Friday, June 8, 1984
Owl’s Bend U.S. Forest Service campground, Mo., to Houston , Mo.
I’m reprinting the day-to-day journal entries of a cross-country bike tour my friend and I took in 1984. More about the TransAmerica Tour 1984
HOUSTON, MO. - The hills in the Ozarks are bigger, steeper, and harder to climb than I expected. At Carl’s Cafe in Eminence (aptly named), Carl said we’d have to walk our loaded touring bicycles up these hills. No way. We pedaled – but very slowly.
Bruce wasn’t feeling well this morning, but that’s not holding us back. Gravity’s doing that.
This whole area of the Ozarks draws lots of whitewater adventure seekers. Current River is popular with tourists, so is Jack’s Ford. Lots of canoe, kayak, and raft businesses in Eminence.
Up a steep 1-mile climb and down the other side is Alley Spring, the picture-postcard site of an 1895 mill (above). The caretaker operated it for us, to show how wheat and corn was ground into flour and cornmeal in the old days.
The water-powered mill also cut lumber. The timber is the coal of Missouri. The timber barons bought Ozark land, stripped and clear cut it, and then left. All the rocks in the streams, like those picturesque white pebbles on the banks of the Black River, came from hillsides that eroded with the absence of vegetation.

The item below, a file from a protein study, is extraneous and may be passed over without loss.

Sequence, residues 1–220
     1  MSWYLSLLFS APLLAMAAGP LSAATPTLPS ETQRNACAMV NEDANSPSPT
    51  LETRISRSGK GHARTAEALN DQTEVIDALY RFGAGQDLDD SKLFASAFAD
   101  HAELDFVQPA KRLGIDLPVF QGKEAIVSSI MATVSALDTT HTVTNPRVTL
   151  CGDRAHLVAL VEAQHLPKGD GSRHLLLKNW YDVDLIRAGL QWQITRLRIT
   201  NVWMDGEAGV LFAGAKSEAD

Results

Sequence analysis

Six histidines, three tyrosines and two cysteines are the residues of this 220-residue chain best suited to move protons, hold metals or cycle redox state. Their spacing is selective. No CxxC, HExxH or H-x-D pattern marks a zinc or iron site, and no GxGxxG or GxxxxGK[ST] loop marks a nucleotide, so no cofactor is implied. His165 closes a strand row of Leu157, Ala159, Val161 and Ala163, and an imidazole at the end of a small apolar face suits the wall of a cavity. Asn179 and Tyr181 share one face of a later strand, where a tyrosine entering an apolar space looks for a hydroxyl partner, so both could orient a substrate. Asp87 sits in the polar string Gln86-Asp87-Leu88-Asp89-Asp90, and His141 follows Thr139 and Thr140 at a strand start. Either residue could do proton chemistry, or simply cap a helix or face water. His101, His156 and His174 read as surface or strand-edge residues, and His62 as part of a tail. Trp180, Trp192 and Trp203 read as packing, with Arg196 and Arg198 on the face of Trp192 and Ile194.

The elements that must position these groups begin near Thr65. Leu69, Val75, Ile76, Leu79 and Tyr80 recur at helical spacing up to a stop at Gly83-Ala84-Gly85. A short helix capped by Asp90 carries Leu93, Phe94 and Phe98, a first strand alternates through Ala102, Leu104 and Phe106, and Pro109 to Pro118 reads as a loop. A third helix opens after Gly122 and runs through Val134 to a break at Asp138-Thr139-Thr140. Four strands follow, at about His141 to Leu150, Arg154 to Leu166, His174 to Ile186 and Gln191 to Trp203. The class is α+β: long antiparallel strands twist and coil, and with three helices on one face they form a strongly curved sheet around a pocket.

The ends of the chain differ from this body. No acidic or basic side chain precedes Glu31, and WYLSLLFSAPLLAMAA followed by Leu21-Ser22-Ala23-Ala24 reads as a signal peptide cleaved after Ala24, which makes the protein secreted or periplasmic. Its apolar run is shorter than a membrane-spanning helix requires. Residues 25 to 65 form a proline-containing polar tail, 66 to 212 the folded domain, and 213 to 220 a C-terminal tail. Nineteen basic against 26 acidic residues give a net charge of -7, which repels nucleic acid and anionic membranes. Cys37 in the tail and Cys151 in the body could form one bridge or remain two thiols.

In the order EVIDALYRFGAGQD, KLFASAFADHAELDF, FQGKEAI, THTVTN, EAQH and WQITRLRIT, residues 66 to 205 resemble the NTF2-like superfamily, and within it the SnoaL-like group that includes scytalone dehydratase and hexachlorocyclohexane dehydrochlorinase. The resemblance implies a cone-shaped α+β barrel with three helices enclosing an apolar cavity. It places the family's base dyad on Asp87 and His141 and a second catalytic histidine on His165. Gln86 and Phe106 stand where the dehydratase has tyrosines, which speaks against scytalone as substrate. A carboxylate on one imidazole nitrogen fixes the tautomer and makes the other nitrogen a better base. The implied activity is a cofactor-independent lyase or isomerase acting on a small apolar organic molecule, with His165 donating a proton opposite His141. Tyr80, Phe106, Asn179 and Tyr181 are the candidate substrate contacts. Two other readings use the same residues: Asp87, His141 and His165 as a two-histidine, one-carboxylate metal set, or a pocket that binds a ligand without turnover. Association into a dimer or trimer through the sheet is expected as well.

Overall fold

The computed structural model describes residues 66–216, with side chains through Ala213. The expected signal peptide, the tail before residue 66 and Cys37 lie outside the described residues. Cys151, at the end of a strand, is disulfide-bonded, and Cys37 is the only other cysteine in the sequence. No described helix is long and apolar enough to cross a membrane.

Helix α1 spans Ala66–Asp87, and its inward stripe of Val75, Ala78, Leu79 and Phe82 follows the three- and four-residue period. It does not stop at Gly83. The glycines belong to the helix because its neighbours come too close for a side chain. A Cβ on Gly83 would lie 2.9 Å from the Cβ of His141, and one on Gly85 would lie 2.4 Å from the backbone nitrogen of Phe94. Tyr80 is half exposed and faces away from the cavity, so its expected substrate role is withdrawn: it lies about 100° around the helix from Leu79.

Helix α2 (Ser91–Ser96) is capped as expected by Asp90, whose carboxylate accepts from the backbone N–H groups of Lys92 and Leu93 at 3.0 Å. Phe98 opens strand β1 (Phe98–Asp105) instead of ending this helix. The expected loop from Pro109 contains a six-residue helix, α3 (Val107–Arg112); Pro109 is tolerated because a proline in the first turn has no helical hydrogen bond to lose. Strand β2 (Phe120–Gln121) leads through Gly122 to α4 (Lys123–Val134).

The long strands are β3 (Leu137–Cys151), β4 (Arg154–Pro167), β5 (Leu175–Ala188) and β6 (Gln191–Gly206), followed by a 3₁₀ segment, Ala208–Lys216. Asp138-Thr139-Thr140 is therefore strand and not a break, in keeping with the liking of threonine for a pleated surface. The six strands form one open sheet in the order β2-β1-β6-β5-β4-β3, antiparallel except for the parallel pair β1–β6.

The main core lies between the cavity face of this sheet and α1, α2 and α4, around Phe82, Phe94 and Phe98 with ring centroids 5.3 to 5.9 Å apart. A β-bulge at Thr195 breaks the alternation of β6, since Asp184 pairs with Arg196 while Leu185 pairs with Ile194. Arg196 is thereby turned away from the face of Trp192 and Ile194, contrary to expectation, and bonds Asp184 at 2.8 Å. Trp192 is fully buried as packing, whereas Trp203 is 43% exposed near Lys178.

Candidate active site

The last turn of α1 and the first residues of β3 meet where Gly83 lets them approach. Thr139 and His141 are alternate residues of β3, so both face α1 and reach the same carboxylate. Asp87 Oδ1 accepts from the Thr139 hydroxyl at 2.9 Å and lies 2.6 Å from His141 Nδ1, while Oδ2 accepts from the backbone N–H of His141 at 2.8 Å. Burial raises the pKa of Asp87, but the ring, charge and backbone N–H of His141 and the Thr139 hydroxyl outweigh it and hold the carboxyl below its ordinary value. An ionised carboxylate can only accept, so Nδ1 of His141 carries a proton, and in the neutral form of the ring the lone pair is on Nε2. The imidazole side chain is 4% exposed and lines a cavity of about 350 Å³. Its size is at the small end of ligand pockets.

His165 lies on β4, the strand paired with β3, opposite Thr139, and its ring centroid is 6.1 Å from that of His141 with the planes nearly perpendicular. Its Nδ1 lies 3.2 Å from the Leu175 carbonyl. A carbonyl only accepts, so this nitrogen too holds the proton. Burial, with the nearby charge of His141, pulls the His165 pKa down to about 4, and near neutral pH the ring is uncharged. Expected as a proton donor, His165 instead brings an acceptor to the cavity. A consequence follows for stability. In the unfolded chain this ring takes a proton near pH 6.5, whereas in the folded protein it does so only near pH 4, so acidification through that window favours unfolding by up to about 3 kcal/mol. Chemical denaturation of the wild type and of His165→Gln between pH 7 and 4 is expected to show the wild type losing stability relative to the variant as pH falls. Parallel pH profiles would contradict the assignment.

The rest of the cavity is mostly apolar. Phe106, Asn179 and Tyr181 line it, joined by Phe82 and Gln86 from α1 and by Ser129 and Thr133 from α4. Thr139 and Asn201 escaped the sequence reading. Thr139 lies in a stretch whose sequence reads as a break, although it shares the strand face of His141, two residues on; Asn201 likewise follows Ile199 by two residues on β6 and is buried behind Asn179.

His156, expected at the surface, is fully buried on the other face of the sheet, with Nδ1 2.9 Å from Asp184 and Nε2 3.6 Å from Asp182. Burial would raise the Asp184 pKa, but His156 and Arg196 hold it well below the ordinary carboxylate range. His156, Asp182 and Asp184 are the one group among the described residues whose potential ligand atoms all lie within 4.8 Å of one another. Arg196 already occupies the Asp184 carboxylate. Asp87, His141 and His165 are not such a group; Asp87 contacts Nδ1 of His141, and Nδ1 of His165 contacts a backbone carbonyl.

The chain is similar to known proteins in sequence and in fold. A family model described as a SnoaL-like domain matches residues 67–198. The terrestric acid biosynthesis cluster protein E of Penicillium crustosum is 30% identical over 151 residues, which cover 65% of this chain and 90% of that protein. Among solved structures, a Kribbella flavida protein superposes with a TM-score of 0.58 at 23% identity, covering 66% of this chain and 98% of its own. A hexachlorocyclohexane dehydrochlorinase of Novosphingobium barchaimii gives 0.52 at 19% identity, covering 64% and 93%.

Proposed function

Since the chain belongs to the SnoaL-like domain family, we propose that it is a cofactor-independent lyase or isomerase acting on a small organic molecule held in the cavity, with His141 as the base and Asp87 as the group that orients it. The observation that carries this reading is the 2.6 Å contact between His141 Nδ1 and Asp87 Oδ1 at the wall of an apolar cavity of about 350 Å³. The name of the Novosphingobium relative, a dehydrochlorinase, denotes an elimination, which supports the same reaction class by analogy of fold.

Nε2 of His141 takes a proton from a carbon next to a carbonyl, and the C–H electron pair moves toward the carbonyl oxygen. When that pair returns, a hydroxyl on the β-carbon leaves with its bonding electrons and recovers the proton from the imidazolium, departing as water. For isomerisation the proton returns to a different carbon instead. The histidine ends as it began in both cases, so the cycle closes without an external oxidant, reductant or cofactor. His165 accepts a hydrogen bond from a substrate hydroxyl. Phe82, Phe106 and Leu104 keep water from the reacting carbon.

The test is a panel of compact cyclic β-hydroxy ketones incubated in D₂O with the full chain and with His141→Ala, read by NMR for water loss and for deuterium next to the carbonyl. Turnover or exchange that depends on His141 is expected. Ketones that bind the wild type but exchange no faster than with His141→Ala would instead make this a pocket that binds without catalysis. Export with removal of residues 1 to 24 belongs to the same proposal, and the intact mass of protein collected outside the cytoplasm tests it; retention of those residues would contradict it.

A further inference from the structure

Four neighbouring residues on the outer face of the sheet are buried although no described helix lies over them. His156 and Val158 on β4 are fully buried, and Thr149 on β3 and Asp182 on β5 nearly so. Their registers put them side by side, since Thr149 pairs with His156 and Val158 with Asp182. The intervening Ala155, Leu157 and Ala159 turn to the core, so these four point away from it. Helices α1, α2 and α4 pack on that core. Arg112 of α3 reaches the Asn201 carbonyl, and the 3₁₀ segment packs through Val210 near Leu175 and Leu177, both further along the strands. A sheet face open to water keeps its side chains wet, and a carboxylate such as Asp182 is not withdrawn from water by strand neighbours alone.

After a couple of more climbs, we were up on what is known as the Ozark Plateau and the road leveled out a bit. We climbed still more then began a roller-coaster ride that lasted all the way to Summersville, where we gorged on the special at Young’s Cafe — $2 for beer, sole slaw, potatoes and beets. Great meal. The Ozarks are getting gentler, although we have to contend with a headwind.
In Eunice, we stopped at a country store that was “populated” by all women. Usually, it’s men you see hanging around, swapping lies and killing time. Here, women were just standing around shooting the breeze. Strange.
View 1984 Bicycle Tour in a larger map
Now, in Houston, we’re staying in the Lazy L Motel and ate a dinner of ham and beans at the Lazy L Cafe. Walking through town, we stopped in at the Friendly Tavern — and it was, too.
We walked back to the motel in the evening, and the town had closed it doors. It was very quiet. Back in the room, we caught up with the NBA playoffs, watching the Lakers vs. Celts.
I’m starting to feel a little cooped up, staying in so many motels. Actually, it’s just been since the two nights in Carbondale, then one in Ste. Genevieve. We camped at Johnson’s Shut-Ins and Owl’s Bend, now we’re back in a room in Houston. Hope we get back to camping more regularly soon.
Headline: June 8, 1984: Motorists in southern California get their first opportunity to use telephones in cars that use cellular technology. Cost is a $3,000 investment and $45 a month service charge.
Lazy Louie’s Bicycle Camp